Language quiz

Here’s the first verse of a well-known song in a mystery language. Do you know or can you guess which language it is?

Clue: this language is spoken in parts of North America.

This entry was posted in Language, Music, Quiz questions.

14 Responses to Language quiz

  1. TJ says:

    well .. im not that familiar with languages of natives in North America …… but for me seems the speech is following a “syllabic” pattern more ….. I would hazard a guess and say Cherokee ………………………… and I wonder if Apachee would also follow the same syllabic pattern?

  2. AR says:

    It is Amazing Grace in Cherokee (Tsalagi). Its the unofficial anthem of the Cherokees, often sung during the Trail of Tears. I saw this song on YouTube.

  3. TJ says:

    HAHA!! bulls eye for me! 🙂

  4. d.m.falk says:

    If I’m not mistaken, this recording is by Walela, a trio consisting of Rita Coolidge, her sister and niece. Yes, it is Cherokee.


  5. d.m.falk says:

    BTW, what tipped me off here, was that Simon referred to “parts” of North America- The Cherokee people are scattered all over the contiguous US with two recognised reservations in Oklahoma and North Carolina, with some bands located in places like California, Texas and Tennessee. The original Cherokee nation used to cover the Carolinas, Georgia, Tennessee and the Virginias.

    I took an interest in Tsalagi about a decade ago, particularly for itys syllabary.


  6. BG says:

    I am trying to learn a bit of Cherokee because it seems to be the most common Native American language (not really the best reason to learn a language) and also for its syllabary.

  7. Simon says:

    It is indeed Cherokee and comes from YouTube. You can find the Cherokee lyrics for Amazing Grace here

  8. d.m.falk says:

    BG: Actually, it isn’t- Of the 100,000 Cherokee today, only 10% know their own language. The top Native American language is Navaho, with ~80% of some 300,000 understanding their language, most of which are illiterate, sadly, and rely on news from a radio station in the reservation’s capitol.

    Tsalagi, however, is a much easier language to learn than Navaho, partly for its syllabic nature and (for the most part) very regular pronunciation. Grammar and vocabulary is fairly straightforward, too.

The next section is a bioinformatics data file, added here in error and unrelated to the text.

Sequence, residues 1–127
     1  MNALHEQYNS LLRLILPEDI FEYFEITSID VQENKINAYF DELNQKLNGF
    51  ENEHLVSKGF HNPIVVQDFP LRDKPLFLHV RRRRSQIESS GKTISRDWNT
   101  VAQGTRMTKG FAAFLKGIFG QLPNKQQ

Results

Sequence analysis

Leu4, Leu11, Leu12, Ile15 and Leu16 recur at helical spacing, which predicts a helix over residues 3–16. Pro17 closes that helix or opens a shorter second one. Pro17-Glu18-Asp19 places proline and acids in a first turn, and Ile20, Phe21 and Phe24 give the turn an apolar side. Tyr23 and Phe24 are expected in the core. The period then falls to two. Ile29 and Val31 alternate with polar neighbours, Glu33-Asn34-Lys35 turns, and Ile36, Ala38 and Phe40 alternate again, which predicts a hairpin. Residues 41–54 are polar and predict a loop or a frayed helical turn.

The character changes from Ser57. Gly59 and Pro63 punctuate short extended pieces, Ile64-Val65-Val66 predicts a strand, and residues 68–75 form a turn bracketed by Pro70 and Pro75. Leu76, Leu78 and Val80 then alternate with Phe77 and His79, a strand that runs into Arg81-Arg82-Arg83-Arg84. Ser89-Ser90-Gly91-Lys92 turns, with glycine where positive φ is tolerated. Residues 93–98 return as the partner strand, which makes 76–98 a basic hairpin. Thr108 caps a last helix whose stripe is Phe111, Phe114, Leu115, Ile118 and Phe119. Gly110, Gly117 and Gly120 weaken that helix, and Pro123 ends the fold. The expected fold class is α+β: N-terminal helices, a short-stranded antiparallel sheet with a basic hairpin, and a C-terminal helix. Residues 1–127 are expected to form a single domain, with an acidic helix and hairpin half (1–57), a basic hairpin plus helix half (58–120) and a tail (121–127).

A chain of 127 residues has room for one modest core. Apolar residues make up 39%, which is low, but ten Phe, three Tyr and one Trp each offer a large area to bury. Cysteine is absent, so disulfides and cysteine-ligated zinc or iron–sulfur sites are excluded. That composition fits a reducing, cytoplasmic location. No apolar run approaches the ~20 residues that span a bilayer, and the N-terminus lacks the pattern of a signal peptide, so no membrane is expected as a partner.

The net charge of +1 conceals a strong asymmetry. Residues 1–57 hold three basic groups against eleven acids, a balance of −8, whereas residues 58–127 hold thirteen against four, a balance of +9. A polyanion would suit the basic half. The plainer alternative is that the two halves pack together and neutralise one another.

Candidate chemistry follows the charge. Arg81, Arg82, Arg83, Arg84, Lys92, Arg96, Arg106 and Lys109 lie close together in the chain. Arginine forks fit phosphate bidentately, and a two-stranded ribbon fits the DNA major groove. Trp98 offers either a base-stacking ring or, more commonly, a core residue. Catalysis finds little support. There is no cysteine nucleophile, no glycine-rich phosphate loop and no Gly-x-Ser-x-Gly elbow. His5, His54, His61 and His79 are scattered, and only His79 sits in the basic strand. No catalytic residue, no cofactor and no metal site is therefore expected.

9. TJ says:

    I win I win ! 😀

  10. BG says:

    Yeah, when I wrote that I wasn’t sure if Cherokee was the most common, but I had noticed that it was the most talked about and therefore probably most learned by non-native speakers. I was just being ambiguous. Actually my cousin-in-law once removed is a linguist who studies Navajo and says the verbs are very complex and difficult. I didn’t it know it was that commonly spoken though.

  11. BG says:

    I didn’t it know Navajo was that commonly spoken though.

  12. Carrie Wills; Dale Crandall says:

    Is there anyone who would be willing to assist with a Cherokee translation project? We have 4 sentences that we need to translate into Cherokee, either in Cherokee characters or phonetics. We are in a bit of a rush, we present at a conference next Monday, Nov. 19th. The sentences are as follows:
    1. The young boys swim everyday in the river with their friends.
    2. The brown dog chased the yellow cat up the tree last night.
    3. The extremely kind man will always give a needy stranger some money.
    4. The young students will be nurses in a local hospital.

    If you can’t do this, but you know someone else who can, please send an email address, web address, or phone number. Thanks in advance for your help! 🙂

  13. Carrie Wills; Dale Crandall says:

    Our email addresses are and

  14. Dale Crandall; Carrie Wills says:

    Hi Fellow Linguists:
    Our progress so far on the first two sentences:
    We have written down the Cherokee phonetics from books and online dictionaries. We need help correcting the words and then putting together the Cherokee words into sentences. We do have the Cherokee syllabary loaded into Word on our computer. If you know and can send us the sentences in the Cherokee syllary, this would be great. Otherwise we would be grateful for the phonetic version.

    Example of Sentence Pattern 1: Subject + Verb

    1. The young boy swims everyday
    (our understanding a-da-hi a-tsu-tsa yu-ni i-ga
    no articles in

    in the river with his friends.

    ? no art. e-quo-ni-ge-yv-i u-tlo-ya-s-di u-tso-ga-li-i

    Example of Sentence Pattern 2: Subject + Verb + Direct Object

    The brown dog chased the yellow cat
    no wa-di-ge-i gi-li a-ke-he-ga no da-lo-ni-ge-i we-sa
    art. art.

    up the tree last night.
    ga-lv-la-di no tlu-gv-i ? sv-no-yi

    Dale Crandall and Carrie Wills
    We work for Gainesville State College, Foreign Languages,
    Gainesville, GA

    Thanks in advance for any help.
    Dale & Carrie

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